- The Washington Times - Sunday, April 14, 2019

This time, the Nationals‘ clubhouse was clean.

Occasionally after games, shreds of cabbage can be found on the floor — residue from a relay race that involves smashing the vegetable at the end. The Nationals first introduced the activity in spring training, and have carried it into the regular season.

But the Nationals were in no mood for celebration Sunday — not after a 4-3 loss to the Pittsburgh Pirates, a game in which the team’s bullpen was, again, the difference.

With two out in the top of the ninth, Nationals reliever Wander Suero gave up an RBI ground-rule double to Pirates outfielder Jason Martin.

Typically in the ninth, the Nationals would look to closer Sean Doolittle to pitch, but manager Dave Martinez said he wanted to stay with the “hot hand” in Suero.

Doolittle, however, wasn’t really an option — given the two-time All-Star had thrown a combined 35 pitches in back-to-back appearances on Friday and Saturday.

Sunday’s loss was the latest evidence the Nationals (7-7) don’t have reliable relievers beyond their closer.

“I liked the way he’s been throwing, and he threw the ball well,” Martinez said of Suero. “He had 0-2 to 4-2, and then he had 0-2 on Martin and just couldn’t bury the last pitch. But he’s been pitching well, but he had the hot hand and I felt like he could get lefties and righties out.”

Suero hadn’t allowed a run since April 2, dating back five appearances.

On Saturday, the 27-year-old earned his first win of the season by throwing seven strikes on 11 pitches to get the Nationals out of the eighth inning.

Still, Suero couldn’t get the job done Sunday when it mattered. He walked Josh Bell (2-of-3, 2 RBI), despite getting the first baseman to an 0-2 count. Then Colin Moran grounded out, though Bell was able to advance to second base.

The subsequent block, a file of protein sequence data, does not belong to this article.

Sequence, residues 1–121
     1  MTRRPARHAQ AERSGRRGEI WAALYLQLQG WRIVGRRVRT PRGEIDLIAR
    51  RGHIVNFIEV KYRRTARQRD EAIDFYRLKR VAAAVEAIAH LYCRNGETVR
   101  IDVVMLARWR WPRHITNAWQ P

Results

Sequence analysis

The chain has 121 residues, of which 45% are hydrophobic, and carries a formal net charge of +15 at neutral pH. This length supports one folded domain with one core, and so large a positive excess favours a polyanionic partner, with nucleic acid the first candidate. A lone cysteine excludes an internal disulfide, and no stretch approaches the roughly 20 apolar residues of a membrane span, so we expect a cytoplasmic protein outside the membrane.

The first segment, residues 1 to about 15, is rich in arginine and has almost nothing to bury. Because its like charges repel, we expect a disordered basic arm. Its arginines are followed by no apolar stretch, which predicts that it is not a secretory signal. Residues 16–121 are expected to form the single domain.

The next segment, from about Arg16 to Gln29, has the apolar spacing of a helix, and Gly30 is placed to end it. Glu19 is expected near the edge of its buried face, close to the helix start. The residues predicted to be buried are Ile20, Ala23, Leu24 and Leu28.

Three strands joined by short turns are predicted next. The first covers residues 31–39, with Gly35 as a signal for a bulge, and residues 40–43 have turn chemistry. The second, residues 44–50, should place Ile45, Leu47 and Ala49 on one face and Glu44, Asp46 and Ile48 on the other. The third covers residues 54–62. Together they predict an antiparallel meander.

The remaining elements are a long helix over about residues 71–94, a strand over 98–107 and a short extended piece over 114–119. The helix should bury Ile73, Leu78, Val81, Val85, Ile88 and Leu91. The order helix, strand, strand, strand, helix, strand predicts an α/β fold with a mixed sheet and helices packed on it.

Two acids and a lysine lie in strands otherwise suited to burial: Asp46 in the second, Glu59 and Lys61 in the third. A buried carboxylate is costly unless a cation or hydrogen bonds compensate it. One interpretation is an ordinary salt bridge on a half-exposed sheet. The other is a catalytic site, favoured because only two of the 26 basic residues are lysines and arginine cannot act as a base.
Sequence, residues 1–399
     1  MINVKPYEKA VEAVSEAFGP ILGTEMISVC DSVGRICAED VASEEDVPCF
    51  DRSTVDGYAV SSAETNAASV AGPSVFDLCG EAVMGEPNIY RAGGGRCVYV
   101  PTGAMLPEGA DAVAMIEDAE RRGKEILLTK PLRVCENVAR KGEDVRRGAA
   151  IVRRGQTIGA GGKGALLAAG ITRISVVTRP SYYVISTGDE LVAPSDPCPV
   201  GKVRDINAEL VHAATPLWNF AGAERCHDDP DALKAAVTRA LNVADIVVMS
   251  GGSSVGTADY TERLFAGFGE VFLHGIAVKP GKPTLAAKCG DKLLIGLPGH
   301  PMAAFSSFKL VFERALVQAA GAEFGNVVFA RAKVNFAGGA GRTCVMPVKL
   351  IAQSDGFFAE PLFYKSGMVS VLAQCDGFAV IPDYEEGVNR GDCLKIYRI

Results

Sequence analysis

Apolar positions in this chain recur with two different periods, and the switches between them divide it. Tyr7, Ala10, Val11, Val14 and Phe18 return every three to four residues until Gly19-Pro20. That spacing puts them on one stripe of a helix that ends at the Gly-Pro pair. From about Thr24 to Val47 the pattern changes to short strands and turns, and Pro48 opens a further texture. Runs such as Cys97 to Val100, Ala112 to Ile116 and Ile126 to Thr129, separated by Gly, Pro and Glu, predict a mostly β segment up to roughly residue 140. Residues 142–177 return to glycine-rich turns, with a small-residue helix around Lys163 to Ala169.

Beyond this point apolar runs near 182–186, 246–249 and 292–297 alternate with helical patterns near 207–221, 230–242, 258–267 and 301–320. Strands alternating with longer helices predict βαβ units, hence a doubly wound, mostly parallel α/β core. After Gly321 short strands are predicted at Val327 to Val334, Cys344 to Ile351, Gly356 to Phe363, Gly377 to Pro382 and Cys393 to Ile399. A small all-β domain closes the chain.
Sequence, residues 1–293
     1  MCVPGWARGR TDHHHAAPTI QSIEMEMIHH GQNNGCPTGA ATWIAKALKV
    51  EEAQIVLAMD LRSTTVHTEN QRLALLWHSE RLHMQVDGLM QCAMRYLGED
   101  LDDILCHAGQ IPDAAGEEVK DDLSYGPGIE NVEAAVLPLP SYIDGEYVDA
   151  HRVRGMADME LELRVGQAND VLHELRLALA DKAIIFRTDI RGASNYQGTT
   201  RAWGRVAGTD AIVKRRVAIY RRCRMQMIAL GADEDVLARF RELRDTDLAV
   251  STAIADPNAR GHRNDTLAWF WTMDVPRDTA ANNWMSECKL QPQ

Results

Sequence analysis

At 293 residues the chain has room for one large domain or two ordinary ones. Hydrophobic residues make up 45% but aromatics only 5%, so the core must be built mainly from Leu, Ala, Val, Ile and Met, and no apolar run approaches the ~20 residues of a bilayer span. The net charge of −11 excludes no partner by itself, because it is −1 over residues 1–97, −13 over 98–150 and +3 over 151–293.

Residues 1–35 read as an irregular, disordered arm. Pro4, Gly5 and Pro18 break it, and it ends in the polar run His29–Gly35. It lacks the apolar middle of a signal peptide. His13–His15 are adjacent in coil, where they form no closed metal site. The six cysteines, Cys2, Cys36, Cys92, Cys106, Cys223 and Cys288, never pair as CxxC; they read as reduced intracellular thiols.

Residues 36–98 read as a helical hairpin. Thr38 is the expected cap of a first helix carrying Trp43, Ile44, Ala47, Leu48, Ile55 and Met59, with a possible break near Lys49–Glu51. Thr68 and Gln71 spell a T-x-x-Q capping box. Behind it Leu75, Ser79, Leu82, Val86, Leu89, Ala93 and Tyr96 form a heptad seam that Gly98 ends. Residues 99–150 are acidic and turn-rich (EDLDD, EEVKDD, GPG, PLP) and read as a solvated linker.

With the pressure on, Suero struck out Melky Cabrera — only to give up the game-losing run to Martin. Specifically, on Martin’s ground-rule double, Suero was caught on a curveball that went inside, slightly off where he intended.

“I was trying to locate it a little differently,” Suero said through a team translator. “I was trying to get it on the dirt for him to chase it. Unfortunately, I hung it just a little bit and he made good contact.”

Washington’s bullpen problems have been well documented to this point. Entering Sunday’s game, it ranked dead-last in the majors with a 7.71 ERA.

Against the Pirates, the Nationals got enough run support to make up for their pitching miscues early. Starter Max Scherzer, who was coming off two days extra rest because of a bone bruise on his leg, was uncharacteristically off to begin the game — allowing three runs in three innings. But the game was tied at 3 after the third, thanks to runs from Howie Kendrick (2-of-5), Anthony Rendon and Juan Soto.

Even in the ninth, Washington had a chance for another walk-off. They had the bases loaded, only for Kendrick and Rendon to get out.

“Yeah, it’s frustrating because … the offense did a great job of battling against their guys today,” Scherzer said. “We had opportunities to score and we just weren’t able to get it done.”

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